Who lives here: Joe Yannuzzi, an attorney; Jacqui Jarrett, a registered dietician; his son, Anthony, 15; and her son, Dylan, 24
Location: Bethlehem, Pennsylvania
Size: 290 square feet (26.9 square meters)
BEFORE: The existing closed-off kitchen in their historic Bethlehem, Pennsylvania, farmhouse, which was built in the 1790s and was once owned by a descendant of William Penn, was updated by a previous owner. It had dark maple cabinets, tile counters, white appliances, limited prep space and a narrow doorway that limited flow between the kitchen and dining room.
“There wasn’t enough counter space or storage space, the refrigerator jutted out into traffic flow, and there was that oven that didn’t work,” Jacqui says.
AFTER: The couple, who share the home with Joe’s son, Anthony, 15, and Jacqui’s son, Dylan, 24, opened things up and created better flow by eliminating the wall between the kitchen and adjacent dining room.
Working with their kitchen designer, Jacqui’s sister Jill Jarrett of Jarrett Design, the couple went for a transitional look with soft gray tones that help bridge the gap between old and new. A multipurpose center island, distressed soapstone counters, stacked inset cabinets and a refinished original hardwood floor give the space character and style.
Removing the wall between the kitchen and dining room opened things up. But, as with many historic homes, eliminating the non-load-bearing wall filled with years of dirt, horse hair and newspapers required special attention. “The floor was sloped where the wall came down, about 5 inches, and the installers had to perform some magic so the floor now looks straight,” Jill says.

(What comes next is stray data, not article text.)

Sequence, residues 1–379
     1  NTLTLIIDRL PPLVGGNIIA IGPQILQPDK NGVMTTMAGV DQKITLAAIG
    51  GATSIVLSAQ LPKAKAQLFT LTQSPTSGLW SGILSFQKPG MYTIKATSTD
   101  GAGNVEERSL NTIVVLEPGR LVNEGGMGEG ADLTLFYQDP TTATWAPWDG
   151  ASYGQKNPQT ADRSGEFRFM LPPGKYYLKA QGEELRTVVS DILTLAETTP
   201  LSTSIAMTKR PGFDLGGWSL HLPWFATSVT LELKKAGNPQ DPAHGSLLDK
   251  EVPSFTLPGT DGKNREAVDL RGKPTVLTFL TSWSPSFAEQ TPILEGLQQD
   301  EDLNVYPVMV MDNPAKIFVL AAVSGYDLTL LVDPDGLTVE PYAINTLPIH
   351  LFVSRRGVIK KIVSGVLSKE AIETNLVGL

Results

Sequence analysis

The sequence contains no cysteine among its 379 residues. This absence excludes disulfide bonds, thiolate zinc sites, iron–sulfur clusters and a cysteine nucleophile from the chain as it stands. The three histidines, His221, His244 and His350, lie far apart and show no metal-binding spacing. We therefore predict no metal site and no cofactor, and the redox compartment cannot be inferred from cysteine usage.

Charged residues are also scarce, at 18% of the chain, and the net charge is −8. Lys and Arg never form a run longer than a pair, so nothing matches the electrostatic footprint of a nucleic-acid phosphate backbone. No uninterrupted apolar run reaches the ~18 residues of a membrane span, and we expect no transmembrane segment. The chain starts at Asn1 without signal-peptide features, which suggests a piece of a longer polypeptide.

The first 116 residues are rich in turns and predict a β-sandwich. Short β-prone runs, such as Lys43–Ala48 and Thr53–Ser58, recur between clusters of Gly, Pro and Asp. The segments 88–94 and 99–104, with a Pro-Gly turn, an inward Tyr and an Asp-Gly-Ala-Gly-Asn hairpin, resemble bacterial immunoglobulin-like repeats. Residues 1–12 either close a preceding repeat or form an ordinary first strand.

Cabinetry: custom in Vista Gray and Stone, Plain & Fancy Custom Cabinetry; counters:distressed soapstone, Bucks County Soapstone; pendants over island: Roost, Lightology; wall paint: Silver Coffee Pot, Sherwin-Williams
Island stools: Ballard Designs
“The soapstone was the perfect choice for a farmhouse and gives us a timeless look,” Jacqui says.
The electrical part of the project was another challenge. Since the walls are stone and stucco, adding switches and outlets for lighting on the walls was nearly impossible. The solution was to add them to the posts of the island. You can barely make out a couple of switches on the post at the far end of the island in this photo.
The seeded-glass-front cabinet stores cups and glasses. Corbels lend it a furniture look that reflects the classic nature of the home. To the left, a stacked light gray pantry cabinet is shallower to ease traffic flow while creating a collected look. “I wanted the kitchen to look like it has been there forever and had layers,” Jacqui says.
Lantern over prep sink: Katie’s Colonial Lighting; prep sink: Blanco; prep-sink faucet: Rohl; microwave-convection oven: KitchenAid
Soapstone extends from the counters to create the range backsplash, with a simple shelf added for bottles of oils and a few spices. “It’s nice to limit the different materials,” Jill says. “You can sometimes get too fancy. This honors the simplicity of the home.”
Range and hood: Thermador
Paneled refrigerator: Thermador
The small door leads to the basement.